Journey of the Wood Thrush

Laughter, Tears, and Our Teen Years, by McKennaugh

It’s hard to be a teenager. We’re stuck somewhere between childhood and adulthood and everyone seems to be asking us what we are going to do and who we are going to be. A lot of the time we answer their questions with, “I don’t know,” because it’s true; we don’t. With a million decisions looming over us, we aren’t sure what choice to make. Or, if we do feel that God is leading us in a certain direction, we often rebel, because it’s not the path that we would choose, were it left up to us. Do you wonder, sometimes, if there really is a plan for you, or if you are simply slogging through life? I do. But then I think about the wood thrush. They frequent the Pennsylvania forest around my home all summer, raising their broods and singing their stunning songs from some concealed branch.  

Their appearances are, in fact, rather plain. They are brown and spotted, but their voices make them sound like they belong in the jungle. Every summer these birds fly from Central America back to the eastern states, including the woods behind my Pennsylvanian home. I love to fall asleep listening to their evening songs drifting through my window after the other songbirds have dropped into slumber.  

I could say much more about the peaceful trill of this thrush, but there is something else that I admire about it more than its song. While people fight against God’s plan for them, insist that they know how to run their lives, these little birds are rising up out of the trees and flying for thousands of miles in order to reach their winter home. And, then, each year, they make the return trip. Why? Because they know that that is what they are supposed to do with their lives. They don’t insist that they should have a different destiny than the one laid out in front of them. What if a thrush decided that it didn’t have to listen to the inner voice calling it away after a long Pennsylvania summer? Then the snows would come, whip around the poor bird, and it would die. Instinct tells the wood thrush that it must go on; it cannot stay behind.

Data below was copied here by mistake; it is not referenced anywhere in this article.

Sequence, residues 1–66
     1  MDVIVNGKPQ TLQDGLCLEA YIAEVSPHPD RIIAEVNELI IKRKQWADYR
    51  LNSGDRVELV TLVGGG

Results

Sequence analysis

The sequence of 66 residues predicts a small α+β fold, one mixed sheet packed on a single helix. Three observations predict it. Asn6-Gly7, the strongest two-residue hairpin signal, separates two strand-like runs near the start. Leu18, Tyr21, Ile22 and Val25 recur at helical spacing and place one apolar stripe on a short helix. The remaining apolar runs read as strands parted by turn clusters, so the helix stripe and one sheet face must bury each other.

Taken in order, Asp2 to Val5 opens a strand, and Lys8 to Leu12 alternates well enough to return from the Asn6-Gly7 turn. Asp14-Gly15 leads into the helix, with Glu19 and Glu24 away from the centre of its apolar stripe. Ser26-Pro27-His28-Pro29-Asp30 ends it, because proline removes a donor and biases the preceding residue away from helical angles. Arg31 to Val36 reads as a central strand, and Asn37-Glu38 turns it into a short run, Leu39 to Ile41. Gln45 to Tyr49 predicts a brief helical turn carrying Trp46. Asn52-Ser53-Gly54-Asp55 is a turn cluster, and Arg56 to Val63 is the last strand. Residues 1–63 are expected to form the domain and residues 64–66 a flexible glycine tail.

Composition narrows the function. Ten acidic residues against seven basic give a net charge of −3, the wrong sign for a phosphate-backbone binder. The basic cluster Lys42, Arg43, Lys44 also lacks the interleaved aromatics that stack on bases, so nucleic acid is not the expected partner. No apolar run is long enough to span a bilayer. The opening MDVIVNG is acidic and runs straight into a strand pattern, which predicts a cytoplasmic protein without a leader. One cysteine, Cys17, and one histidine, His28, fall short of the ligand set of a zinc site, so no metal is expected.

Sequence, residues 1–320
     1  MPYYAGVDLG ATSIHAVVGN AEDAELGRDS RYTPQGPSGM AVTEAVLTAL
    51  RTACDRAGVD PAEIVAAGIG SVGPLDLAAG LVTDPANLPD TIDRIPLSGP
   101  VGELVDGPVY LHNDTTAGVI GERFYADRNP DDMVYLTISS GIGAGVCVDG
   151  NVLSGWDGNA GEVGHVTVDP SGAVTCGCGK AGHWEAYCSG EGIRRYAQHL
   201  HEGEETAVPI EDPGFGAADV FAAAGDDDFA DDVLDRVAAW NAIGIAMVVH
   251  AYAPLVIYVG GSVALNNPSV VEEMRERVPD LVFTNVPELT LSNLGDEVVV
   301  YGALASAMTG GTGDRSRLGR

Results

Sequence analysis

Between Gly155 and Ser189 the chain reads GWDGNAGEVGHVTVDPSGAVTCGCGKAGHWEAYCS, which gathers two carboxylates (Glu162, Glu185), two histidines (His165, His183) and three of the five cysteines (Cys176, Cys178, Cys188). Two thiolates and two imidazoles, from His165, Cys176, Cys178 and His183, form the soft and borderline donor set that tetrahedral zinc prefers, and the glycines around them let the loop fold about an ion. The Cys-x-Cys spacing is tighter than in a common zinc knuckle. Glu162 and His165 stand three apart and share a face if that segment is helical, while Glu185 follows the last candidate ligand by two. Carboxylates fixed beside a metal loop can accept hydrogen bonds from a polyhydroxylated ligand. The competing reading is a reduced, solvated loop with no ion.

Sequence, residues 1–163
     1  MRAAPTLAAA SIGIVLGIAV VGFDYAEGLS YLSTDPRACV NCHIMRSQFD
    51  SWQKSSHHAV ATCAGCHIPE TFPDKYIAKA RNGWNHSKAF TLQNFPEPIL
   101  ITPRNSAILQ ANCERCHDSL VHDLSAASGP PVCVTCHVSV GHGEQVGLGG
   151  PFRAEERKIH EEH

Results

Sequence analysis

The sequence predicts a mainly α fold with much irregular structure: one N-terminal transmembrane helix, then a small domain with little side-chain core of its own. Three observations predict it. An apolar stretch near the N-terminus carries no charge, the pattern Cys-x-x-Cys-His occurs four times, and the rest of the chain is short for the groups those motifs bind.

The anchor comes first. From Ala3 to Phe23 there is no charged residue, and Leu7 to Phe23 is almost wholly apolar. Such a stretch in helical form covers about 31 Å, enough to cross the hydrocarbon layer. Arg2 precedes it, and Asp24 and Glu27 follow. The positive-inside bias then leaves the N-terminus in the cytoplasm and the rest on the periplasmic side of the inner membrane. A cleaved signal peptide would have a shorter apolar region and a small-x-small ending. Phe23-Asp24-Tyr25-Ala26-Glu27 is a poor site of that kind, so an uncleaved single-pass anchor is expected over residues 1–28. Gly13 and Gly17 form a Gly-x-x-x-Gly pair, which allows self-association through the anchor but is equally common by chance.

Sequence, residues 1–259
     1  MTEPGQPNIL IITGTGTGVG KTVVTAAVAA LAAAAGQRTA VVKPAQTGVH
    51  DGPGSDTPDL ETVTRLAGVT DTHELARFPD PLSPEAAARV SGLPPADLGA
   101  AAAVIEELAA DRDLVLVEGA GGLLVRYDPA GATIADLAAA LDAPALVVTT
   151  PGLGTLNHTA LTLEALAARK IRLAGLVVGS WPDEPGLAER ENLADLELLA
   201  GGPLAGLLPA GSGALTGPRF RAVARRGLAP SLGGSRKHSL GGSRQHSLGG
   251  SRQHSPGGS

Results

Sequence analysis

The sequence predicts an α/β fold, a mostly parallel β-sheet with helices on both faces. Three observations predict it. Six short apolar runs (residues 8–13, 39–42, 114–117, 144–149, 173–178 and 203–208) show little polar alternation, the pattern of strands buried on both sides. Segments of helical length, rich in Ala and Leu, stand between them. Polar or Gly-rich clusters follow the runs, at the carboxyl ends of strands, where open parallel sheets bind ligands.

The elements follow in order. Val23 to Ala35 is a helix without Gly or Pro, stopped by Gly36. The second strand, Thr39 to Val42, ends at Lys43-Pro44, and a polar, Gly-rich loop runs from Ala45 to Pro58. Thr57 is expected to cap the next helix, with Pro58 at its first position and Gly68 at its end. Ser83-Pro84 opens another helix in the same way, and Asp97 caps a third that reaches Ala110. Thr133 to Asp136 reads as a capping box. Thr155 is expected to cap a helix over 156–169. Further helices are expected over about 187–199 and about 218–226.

Black-capped chickadees are amazing, too. They watch as other birds take off so they can escape the wind and snow. And, yet, the chickadee stays behind. Those little birds could easily think, “This is unfair! Why do I have to suffer here in the cold? I should follow the crowd!” But they don’t. No, they flutter from branch to icy branch, their voices ringing out; a cheery chirping in a frozen world.  

The wood thrush does not complain that it must take flight for an immeasurable amount of miles. The chickadee does not complain that it must stay behind. They both know that this is the plan for them; that they are unique and different. Each has hardships, yet they do not consider disobeying that inner voice.  

We, as people, on the other hand, argue with God. “No!” we say. “Don’t send me there! I don’t want to! It’s too hard!” Or, “God, when are you going to change this life of mine? I’ve been stuck in this place forever.”  

And, I think all of us ask, “What is your will for me? What is your plan for me?”  

If only we would take a lesson from the birds. They do not fret over what they are supposed to do. They know. Perhaps if you wait and listen to that inner voice of your own, you will understand the journey God has mapped out for you. Jesus had a point when he said that he knows each little sparrow that falls. If he shows birds their purposes in life, won’t he show you your purpose, as well?  


McKennaugh Kelley ( is sixteen years old. She lives in Troy, Pennsylvania with a handful of crazy, creative, but mostly wonderful little brothers.

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